I have a hard time accepting that it was in the RPG theory or social problems by itself.  I think that they have been more or less solved with everyone really accepting (And TELLING me) what they want.  This allows me to really give them that.

For example: I started each of the aformentioned campaings I really started by telling each of the players what I wanted with the campaign and what they should expect.  I would also say that each of the campaings falls fairly neatly into the GNS categories.

First one: Star Wars [D6]  I started out with trying to make it narrativist, but I really had no idea what that meant at the time (looking backwards).  It really has ended up sim. as I've really let them explore to their desire and really create their own weapons when they want, and whatever.  I'm aware that Star Wars doesn't fit sim. real well IMHO, especially how I'm doing it.  But it's going well, so what the hey.

Second one: Gamist.  This was supposed to be decisivelly gamist.  It is decisivelly gamist.  I have strict XP awards and I stick very closelly to the rules. yeah.

Third one: Well, that's the subject of this thread, isn't it?

Maybe I just needed a little bit more experience myself on how to institute different strategies dealing with player preferance.

In any case I'm becoming more and more satisfied with roleplaying and group interaction, though I can't speak for my players.  Only they can do that.  However, I would be unprepared if the situation regressed back into what it was.  We haven't had more than one bad session in a row for quite some time (5 months?) and I see no reason for that to happen now.

Also, you will be happy to know that I'm finding more and more of a player base [Is it okay to reffer to players as common resources? :) ] and I'm continuing to introduce people into the hobby and its culture.

So... I'd really like responses on campaign specifics or reviews of the situation by any players in any of the campaigns mentioned so far.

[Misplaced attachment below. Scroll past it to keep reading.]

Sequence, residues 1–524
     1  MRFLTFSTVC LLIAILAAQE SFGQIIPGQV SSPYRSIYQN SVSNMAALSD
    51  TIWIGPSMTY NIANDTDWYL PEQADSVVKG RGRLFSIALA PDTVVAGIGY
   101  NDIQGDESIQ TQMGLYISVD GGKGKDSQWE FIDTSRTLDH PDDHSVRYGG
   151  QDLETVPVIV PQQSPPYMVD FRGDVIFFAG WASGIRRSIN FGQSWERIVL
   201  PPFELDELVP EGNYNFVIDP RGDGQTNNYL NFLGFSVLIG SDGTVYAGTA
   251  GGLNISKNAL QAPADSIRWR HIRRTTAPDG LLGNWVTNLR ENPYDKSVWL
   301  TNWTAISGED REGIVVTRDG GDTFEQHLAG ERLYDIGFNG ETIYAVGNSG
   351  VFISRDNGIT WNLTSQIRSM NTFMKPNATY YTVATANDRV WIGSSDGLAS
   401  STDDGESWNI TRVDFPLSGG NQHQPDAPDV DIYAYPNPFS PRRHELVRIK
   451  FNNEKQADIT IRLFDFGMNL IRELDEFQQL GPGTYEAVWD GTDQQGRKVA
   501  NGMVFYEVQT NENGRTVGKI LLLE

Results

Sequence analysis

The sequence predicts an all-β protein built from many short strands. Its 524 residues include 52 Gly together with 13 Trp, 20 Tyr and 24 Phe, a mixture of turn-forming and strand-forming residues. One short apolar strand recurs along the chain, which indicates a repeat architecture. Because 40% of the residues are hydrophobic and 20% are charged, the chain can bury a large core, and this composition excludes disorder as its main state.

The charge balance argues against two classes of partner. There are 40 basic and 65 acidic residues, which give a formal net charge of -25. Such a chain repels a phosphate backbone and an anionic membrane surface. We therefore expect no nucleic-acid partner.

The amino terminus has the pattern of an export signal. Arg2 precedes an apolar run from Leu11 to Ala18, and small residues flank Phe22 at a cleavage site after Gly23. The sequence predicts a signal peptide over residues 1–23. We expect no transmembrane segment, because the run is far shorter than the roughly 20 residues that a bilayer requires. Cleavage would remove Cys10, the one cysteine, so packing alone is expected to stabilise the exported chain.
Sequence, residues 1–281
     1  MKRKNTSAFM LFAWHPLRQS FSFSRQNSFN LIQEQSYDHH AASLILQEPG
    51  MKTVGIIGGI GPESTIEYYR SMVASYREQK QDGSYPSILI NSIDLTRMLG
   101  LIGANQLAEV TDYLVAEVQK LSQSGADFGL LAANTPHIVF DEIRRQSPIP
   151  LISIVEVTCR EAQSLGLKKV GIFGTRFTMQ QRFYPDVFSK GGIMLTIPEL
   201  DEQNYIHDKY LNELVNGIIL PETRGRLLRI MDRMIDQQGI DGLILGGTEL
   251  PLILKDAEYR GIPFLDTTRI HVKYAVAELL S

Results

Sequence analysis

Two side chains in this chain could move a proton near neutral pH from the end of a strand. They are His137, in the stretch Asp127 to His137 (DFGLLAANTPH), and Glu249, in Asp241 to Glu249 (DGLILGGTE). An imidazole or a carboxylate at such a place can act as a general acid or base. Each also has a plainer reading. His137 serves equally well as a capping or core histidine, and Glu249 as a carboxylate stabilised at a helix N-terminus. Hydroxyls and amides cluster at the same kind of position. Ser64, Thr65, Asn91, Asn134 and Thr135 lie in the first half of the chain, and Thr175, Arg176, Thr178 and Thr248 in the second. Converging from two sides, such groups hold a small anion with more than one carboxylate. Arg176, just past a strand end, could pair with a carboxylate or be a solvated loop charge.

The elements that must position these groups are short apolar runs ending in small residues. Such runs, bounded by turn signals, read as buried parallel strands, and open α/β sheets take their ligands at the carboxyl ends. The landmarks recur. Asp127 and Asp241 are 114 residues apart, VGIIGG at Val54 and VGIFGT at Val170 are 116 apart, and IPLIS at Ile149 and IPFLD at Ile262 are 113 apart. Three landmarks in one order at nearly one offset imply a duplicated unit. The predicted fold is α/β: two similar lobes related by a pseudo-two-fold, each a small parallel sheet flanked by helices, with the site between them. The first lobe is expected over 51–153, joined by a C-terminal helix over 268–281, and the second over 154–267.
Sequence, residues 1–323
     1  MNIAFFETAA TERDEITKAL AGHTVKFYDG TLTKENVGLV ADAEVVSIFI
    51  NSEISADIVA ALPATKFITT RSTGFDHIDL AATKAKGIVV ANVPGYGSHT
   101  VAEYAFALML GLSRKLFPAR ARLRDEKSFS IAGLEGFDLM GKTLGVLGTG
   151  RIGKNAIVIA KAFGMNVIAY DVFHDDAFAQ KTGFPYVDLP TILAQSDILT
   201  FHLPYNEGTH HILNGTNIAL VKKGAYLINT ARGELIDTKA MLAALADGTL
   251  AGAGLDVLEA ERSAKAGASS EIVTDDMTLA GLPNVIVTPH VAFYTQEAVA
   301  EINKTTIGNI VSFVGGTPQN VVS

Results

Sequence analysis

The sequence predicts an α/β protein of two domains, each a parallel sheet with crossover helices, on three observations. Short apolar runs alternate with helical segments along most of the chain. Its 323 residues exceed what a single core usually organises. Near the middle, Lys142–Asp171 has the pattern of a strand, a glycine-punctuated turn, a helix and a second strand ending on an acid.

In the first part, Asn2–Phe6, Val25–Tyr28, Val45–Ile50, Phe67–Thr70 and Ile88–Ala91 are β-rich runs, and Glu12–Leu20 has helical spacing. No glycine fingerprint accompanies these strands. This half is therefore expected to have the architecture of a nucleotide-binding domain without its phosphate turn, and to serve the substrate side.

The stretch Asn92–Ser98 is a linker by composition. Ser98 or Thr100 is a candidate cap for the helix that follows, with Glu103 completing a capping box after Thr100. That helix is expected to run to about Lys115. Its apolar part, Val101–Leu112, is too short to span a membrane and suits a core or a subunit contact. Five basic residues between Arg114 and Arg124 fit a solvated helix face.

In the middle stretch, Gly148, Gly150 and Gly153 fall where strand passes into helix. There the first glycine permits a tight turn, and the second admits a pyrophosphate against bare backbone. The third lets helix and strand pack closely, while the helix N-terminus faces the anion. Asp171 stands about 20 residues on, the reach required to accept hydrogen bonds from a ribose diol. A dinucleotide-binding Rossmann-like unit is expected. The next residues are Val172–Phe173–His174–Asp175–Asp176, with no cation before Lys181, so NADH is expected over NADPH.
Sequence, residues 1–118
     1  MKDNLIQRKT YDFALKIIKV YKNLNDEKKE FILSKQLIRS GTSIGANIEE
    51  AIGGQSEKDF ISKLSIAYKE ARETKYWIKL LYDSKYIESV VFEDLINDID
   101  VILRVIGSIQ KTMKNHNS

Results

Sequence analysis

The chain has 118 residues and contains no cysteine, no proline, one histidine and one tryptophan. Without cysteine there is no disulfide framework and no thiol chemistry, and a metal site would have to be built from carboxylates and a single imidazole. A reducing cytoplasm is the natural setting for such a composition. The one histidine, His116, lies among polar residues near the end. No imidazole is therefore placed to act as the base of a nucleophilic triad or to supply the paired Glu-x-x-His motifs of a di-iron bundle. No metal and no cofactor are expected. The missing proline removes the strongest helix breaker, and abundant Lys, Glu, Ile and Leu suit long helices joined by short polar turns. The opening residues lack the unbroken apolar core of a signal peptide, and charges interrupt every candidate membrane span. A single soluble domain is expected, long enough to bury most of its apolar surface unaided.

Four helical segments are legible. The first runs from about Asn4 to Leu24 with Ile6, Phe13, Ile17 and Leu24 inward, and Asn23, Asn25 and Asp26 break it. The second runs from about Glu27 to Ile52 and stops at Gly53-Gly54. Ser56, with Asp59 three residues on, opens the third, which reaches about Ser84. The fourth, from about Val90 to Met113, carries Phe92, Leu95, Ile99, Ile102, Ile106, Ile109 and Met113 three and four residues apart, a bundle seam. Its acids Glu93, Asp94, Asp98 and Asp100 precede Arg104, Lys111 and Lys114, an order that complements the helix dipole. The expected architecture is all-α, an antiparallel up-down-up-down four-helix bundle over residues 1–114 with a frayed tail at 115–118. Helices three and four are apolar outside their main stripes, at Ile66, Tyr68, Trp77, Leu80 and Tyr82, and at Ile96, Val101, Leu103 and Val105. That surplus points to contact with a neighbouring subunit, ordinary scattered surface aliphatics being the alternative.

First of all the situation... You  are runing 3 DIFRENT campains at once so it is hard to get someware in one of them and that Anthony has his plane scape campain and of corse cody has his  (i think) battle teck or something campin... so it as i said dificult to role play often. with Anthiny wanting to play his Scape campain some weekends and you wanting to play one of your campains... not to menchone the player arguments so it is pritty hetic right now. i would find it better if we could play one campain for a wile then a difrint one insted of pouting it off then not continuing it... ever.... so i would like a better of systome of role playing... (just easyer) Some what like the old pyron, cyrus, and forge campain...

thanks for reading and if you have tips to role play a jedi that would be apriciated....
"I don't want revenge.  I want vengence." -Seriously meant by Cyrus.

Eric J.

Alright.  Explain WHY it's hecktic.  We have players with very different schedules.  You need to tell me what you want out of a game!  All you say in your post is that you want it like when it was only you and Anthony.  That sucked.  I'm sorry, but that was bad.

Look... Let me explain.  I have one of the few groups that wasn't introduced by people who already played the game (RPGs in general).  It was just me reading out of a D20 starter set and later a rulebook.  We had some fun but messed up sessions.


.......but messed up.

In any case, if you don't like my campaign tell me WHY.  I've put a lot of work into it, so I'd like to know all about what to expect from my players.  Okay?

May the wind be always at your back,


First reason i don't think that you can campile all your thoughts together so that your campains greatness would be higher and be aswome ensted of  a aray af campains that do nothing.
"I don't want revenge.  I want vengence." -Seriously meant by Cyrus.

Eric J.

Forgive my ignorance, but I simply don't understand what you're implying.  Are you saying that I lack the ability to handle multiple campaigns at once?  I don't understand.  I have many pages of backstory and work on each of my campaigns.  If you can tell me what went wrong in the session(s) that you have played in, I could reduce those elements and expand upon the elements (if any) that were good.  However, all I'm getting is a single incoherent sentence telling me to compile my thoughts lest I create an array of campaigns that do nothing.  Correct me if I'm wrong.


There is such a thing as too much details, too many directions.  Perhaps a more focussed single project - started and finished as a discrete and particular act - might be better recieved.  I know its tempting to "just keep going" but you can get badly burnt out this way.  And being burnt out for one campaign is bad enough, being burnt out and crashing three is very bad.  This is all aggravated if everything is running in continuous time mode, IMO.
Impeach the bomber boys:

"He who loves practice without theory is like the sailor who boards ship without a rudder and compass and never knows where he may cast."
- Leonardo da Vinci